Updated: 06/05/2014 6:13 PM |
Created: 06/05/2014 5:57 PM
By: Kai Porter, KOB Eyewitness News 4
For the first time since a group of angry protesters took over his office at City Hall and demanded to speak to him about the Albuquerque Police Department, Mayor Richard Berry is talking about the protest.
Berry said he was in New York City for a mayors' conference when he found out about the protest.
Had he been in his office, Berry said he would have talked to the group.
"I would have said, 'Listen. We're happy to talk you,'" Berry said. "'Let's do it in a productive and meaningful manner.'"
The mayor says he wants to move forward and focus on starting a dialogue with the protesters to keep City Hall from being disrupted again.
"We want people to know that we are listening. We do want to listen," he said. "A number of people that came up as protesters we have met. We've reached out to them. Others, we haven't had a chance yet, but we will."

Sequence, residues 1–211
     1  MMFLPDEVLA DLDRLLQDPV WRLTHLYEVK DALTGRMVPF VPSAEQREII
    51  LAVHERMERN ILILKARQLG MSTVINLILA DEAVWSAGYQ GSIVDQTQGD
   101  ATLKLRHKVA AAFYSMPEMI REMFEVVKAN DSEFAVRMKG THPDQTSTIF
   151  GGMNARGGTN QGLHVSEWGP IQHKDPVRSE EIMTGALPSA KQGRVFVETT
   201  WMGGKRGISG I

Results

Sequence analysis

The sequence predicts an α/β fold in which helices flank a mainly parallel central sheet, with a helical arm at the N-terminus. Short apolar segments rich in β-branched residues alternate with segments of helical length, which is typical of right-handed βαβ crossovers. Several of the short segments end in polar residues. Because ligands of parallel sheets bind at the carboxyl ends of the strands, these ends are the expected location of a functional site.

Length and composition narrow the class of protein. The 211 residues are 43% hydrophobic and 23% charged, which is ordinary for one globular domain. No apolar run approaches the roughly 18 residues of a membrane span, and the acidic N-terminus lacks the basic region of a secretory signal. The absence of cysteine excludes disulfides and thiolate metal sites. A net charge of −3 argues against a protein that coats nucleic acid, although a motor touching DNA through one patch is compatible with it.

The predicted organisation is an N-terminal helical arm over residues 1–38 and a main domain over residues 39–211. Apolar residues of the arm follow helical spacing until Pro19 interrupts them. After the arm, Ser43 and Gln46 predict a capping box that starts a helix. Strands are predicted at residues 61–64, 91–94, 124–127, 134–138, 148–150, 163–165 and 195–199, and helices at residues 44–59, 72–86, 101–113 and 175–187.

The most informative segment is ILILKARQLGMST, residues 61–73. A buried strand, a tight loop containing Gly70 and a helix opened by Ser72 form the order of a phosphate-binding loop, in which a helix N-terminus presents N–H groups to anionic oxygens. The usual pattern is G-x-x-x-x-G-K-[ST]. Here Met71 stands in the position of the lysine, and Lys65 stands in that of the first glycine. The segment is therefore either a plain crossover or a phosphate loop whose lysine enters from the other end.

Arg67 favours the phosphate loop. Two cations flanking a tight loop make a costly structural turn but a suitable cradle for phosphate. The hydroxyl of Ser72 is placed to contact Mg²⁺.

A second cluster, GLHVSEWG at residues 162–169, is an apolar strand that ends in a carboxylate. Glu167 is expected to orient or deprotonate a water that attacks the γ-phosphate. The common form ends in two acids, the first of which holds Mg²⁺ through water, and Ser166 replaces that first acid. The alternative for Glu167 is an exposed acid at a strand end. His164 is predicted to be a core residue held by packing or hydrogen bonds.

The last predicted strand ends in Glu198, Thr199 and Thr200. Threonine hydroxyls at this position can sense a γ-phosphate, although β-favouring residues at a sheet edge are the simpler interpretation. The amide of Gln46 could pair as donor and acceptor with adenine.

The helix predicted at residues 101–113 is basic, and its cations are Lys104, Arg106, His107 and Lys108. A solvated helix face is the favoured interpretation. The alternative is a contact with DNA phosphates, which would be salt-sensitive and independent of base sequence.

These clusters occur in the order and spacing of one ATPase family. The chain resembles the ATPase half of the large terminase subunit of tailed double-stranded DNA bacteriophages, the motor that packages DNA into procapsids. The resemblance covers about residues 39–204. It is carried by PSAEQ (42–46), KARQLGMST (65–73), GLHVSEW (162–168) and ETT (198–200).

Police arrested 13 protesters. One woman, Nora Anaya, chained herself to a display case outside of Berry's office.
At the time, Anaya told KOB she had been waiting a year to see Berry after she scheduled a meeting. Anaya's nephew was killed by APD, according to the ANSWER Coalition.
"It's not overly hard to get in to see me," Berry told KOB on Thursday. "I asked my staff how many folks that came in actually requested meetings. I think one or two of them had. And one lady had asked for a meeting a year ago and didn't get it. So we need to do better with that too."
Berry said the protest shook up some of his staff members and APD Chief Gorden Eden said they had to call officers off the street to make the arrests. The protest also disrupted business at City Hall.
"I think there's more productive ways to go about their business," Berry said when asked if he thought the protesters crossed the line.
Berry said he plans to unveil a new program next week aimed at getting community input on solutions for reforming APD.